The United States must engage China in its climate ambitions, instead of making the country an “enemy”, according to a prominent academician and senior advisor of the United Nations (UN).
“If we want sustainable development, we need cooperation with China, not antipathy towards it,” said Jeffrey Sachs, president of the UN arm which mobilises global scientific and technological expertise to promote practical problem-solving for sustainable development.
Sachs said the “aggressive approach” of the US is leading to higher tension instead of solutions, just like how the American government urged the North Atlantic Treaty Organization (NATO) to enlarge into Ukraine, which he says provoked the Russian invasion.
The US has been limiting trade and technology to China in the past five years, whereby the Western leader has accused the Asian super power of unfair trading practices, including intellectual property theft, forced technology transfer, lack of market access for American companies in China, and creating an unlevel playing field through state subsidies of Chinese companies. China, meanwhile, believes the US is trying to restrict its rise as a global economic power.
If we want sustainable development, we need cooperation with China, not antipathy towards it.
Jeffrey Sachs, president, UN Sustainable Development Solutions Network
Last year, the US also organised a new military alliance with the United Kingdom and Australia aimed to counter China.
“All of these [actions] are aggressive in my view. All of it is counter-productive because it starts from the premise that China is dangerous, therefore needs to be confronted. We need a new geopolitical approach,” Sachs told Eco-Business on Wednesday on the sidelines of sustainable transport conference Global Mobility Call in Madrid, Spain.
Sachs, known to be an outspoken advocate of policies that alleviate third world poverty, said the US needs to engage China to help the world’s second largest economy meet its decarbonisation ambitions and its attempt to move to low-emissions energy investments for its mammoth Belt and Road Initiative (BRI) infrastructure plan.
However, during the World Economic Forum in Davos, Switzerland in May, climate envoys John Kerry of the US and China’s Xie Zhenhua set a collaborative tone when they acknowledged how the energy mix in their respective countries has to be “adjusted and transformed”.
At last year’s climate change conference, both nations held a declaration reaffirming their commitment to “tackling [climate change] through their respective accelerated actions in the critical decade of the 2020s, as well as through cooperation in multilateral processes.” While the declaration was valued, it offered scant detail on how to implement those plans.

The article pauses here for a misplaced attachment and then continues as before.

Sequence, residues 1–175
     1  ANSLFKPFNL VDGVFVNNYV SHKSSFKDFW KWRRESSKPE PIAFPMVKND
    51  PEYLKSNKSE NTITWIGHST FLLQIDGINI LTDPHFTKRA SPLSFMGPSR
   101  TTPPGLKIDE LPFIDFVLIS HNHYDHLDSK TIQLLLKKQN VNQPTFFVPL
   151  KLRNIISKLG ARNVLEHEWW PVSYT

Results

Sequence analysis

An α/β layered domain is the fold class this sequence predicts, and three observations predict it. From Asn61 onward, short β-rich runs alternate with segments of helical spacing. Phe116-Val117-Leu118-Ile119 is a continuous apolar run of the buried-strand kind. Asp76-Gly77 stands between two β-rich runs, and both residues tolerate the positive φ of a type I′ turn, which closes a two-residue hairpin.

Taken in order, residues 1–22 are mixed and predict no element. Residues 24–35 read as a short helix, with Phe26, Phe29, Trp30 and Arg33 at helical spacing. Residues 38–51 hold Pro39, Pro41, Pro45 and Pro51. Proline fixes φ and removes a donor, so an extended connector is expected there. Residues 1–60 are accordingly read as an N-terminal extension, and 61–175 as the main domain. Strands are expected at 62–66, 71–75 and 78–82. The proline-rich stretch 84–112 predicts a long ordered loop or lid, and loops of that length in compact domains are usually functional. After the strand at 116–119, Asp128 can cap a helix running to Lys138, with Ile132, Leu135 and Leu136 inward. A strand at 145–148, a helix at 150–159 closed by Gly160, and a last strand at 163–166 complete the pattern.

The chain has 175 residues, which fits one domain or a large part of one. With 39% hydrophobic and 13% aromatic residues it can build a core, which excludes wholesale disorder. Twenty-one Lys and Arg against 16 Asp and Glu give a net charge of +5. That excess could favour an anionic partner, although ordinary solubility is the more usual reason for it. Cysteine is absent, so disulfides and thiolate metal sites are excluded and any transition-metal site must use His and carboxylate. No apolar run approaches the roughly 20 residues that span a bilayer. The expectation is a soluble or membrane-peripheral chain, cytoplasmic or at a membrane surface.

China set strict decarbonisation goals last year, but these targets were relaxed and coal production ramped up, as the government focused on easing energy prices to support the economy, in a policy that contradicts its carbon reduction goal.
Joe Biden came into the US presidency resolute on combatting climate change and promoting a clean energy transition. But Russia’s war in Ukraine has resulted in rising prices for oil and gas domestically and abroad, prompting increased oil flow—a far cry from his pledge to wean Americans off oil and other fossil fuels and cut planet-warming emissions in half by 2030.
With cooperation comes competition
As the US and China—the world’s two biggest greenhouse gas emitters—must work together for the world to reach its low-carbon goals, competition should continue to thrive between both super powers, said green finance experts.
“Green development is soft power—which China and the US want to expand on. If the US and China can cooperate on standards that provide a level playing field, and can accelerate technology development and investment through competition, we ideally see a race to the top benefitting all,” Christoph Nedopil, director of the Green Finance and Development Center at Fanhai International School of Finance, Fudan University, told Eco-Business.
Green development is soft power—which China and the US want to expand on.
Christoph Nedopil, director, Green Finance and Development Center, Fanhai International School of Finance, Fudan University
Steven Okun, senior advisor of geostrategic consultancy McLarty Associates, noted how the US strategy towards China—investing domestically, aligning with allies and partners while competing with China—provides the ability to also work together with China to address the climate crisis.
“Such a policy assumes the US can confront China in certain regards while simultaneously cooperating with China in working towards a solution to the climate crisis, as it is in both the US and China’s national interest to do so,” Okun told Eco-Business.
“Countries in the past have not sacrificed their national interest to get another government to act in what should be that own government’s national interest, and one should not expect the US to do so now.”
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